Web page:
O’Brien’s early works like GGG: Dominatrix for Dummies are sharp-edged and very funny, following the twists and turns of growing sexual experience much like Hathaway has done here, but with a far broader emotional range. More recent performances slide in technology and flowcharts and advice columns, adding sophisticated counter-currents to the core theme of her story — much like Moseley has perfected here — giving the events a secondary or tertiary texture. Deepening the emotion. But it has become unimaginable to you that there is any further that O’Brien can push this idiom, an idiom which she by and large invented. Her erotic self-discoveries? Once you have told all — five or six different ways from Sunday over her years in Portland — what can possibly be left to tell?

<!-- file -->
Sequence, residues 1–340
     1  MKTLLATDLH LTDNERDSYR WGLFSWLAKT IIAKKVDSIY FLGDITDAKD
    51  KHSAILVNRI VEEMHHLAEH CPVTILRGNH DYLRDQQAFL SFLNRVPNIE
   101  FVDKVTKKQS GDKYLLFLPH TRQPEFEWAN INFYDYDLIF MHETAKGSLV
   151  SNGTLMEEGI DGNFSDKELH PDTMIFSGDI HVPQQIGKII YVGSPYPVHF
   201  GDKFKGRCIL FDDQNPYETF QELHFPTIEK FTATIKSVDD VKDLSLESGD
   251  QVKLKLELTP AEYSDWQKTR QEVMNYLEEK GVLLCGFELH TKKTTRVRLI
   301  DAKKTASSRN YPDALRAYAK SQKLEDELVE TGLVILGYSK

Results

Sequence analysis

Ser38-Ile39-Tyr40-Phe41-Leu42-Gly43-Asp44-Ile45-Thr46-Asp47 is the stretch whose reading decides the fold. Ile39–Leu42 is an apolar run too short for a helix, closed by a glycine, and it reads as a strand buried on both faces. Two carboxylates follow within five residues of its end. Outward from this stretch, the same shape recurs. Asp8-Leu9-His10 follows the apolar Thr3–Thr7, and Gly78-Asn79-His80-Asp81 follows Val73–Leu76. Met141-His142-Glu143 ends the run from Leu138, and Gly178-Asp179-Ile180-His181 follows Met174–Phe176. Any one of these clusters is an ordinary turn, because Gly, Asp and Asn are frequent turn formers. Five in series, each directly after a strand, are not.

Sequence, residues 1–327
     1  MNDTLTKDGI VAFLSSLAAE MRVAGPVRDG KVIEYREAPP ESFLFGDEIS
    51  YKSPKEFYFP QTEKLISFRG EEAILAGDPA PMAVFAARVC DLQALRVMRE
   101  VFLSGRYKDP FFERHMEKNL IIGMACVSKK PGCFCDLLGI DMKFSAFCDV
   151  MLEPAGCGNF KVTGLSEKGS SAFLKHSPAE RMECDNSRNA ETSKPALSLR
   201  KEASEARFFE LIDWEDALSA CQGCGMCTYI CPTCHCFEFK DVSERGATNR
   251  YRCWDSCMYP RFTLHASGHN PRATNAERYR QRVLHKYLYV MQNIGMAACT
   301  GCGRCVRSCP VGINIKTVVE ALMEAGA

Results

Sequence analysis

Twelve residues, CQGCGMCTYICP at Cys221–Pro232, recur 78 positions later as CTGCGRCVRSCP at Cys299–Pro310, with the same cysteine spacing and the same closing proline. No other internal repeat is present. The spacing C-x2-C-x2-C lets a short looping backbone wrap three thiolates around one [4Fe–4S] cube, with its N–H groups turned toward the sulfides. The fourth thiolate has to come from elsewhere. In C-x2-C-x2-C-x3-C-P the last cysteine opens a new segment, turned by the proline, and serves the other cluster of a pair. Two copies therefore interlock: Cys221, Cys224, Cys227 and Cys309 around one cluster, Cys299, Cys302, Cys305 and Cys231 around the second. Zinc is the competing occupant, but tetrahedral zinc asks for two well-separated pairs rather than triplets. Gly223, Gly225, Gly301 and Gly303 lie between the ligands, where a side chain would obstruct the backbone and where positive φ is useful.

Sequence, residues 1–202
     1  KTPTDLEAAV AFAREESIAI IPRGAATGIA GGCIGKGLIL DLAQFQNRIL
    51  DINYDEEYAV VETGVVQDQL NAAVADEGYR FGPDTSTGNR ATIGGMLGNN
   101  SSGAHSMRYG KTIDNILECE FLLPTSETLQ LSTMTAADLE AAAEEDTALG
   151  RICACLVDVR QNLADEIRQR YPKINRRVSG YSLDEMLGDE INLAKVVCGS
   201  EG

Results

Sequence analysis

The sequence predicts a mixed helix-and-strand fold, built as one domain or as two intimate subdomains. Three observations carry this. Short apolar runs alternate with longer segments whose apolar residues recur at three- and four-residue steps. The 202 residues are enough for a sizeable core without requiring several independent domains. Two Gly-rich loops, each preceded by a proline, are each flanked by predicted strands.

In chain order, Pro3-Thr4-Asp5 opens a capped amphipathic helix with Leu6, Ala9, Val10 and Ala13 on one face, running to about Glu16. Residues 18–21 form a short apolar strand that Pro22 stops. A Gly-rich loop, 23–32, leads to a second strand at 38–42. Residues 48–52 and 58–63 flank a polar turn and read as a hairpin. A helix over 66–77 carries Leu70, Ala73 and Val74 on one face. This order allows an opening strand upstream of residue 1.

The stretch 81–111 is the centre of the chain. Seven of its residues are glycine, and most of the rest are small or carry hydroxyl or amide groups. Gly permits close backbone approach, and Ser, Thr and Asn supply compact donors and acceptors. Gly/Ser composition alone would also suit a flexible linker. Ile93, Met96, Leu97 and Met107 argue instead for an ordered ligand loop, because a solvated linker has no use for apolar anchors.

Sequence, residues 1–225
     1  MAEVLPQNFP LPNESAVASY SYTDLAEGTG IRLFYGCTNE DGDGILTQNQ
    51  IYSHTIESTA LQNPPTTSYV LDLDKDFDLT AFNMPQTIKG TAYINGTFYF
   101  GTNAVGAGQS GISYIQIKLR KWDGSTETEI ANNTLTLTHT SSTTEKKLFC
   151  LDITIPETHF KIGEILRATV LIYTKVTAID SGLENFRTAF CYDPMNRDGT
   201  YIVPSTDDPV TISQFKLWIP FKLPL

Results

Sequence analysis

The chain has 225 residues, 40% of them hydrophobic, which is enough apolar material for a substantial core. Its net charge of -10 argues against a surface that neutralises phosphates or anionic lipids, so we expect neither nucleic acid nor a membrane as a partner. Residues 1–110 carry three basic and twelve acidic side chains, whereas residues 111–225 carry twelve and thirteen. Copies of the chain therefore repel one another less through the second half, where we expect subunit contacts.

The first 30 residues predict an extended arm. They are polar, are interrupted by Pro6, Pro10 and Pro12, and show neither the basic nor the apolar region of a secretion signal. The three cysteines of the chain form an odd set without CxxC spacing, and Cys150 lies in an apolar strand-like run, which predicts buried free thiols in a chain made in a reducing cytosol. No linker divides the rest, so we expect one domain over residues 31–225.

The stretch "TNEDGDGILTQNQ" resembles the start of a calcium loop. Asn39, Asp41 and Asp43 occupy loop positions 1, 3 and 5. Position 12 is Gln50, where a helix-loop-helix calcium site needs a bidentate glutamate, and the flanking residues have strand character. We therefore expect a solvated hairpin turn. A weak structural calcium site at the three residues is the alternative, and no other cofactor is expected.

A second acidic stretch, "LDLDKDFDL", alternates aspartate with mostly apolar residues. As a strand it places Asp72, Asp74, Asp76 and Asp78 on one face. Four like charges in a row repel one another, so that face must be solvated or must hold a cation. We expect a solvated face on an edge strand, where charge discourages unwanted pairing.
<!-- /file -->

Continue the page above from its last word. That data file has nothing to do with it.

When not running sex-positive workshops, doing a podcast, or preparing new work for the Fringe-Fest circuit (she will be taking this current piece to Edinburgh, the mother of all fringe festivals), O’Brien is helping other performers shape and fine-tune their schtick. She did not invent the “one person talking to an audience” art form. It’s been around at least since the 1970s, when Spalding Gray sits down on a chair and starts verbally Swimming to Cambodia. And a person standing up and boldly, with edgy humor, talking about sex? It’s a style of performance that has been loudly and caustically heard ever since the day Lenny Bruce first enters a nightclub.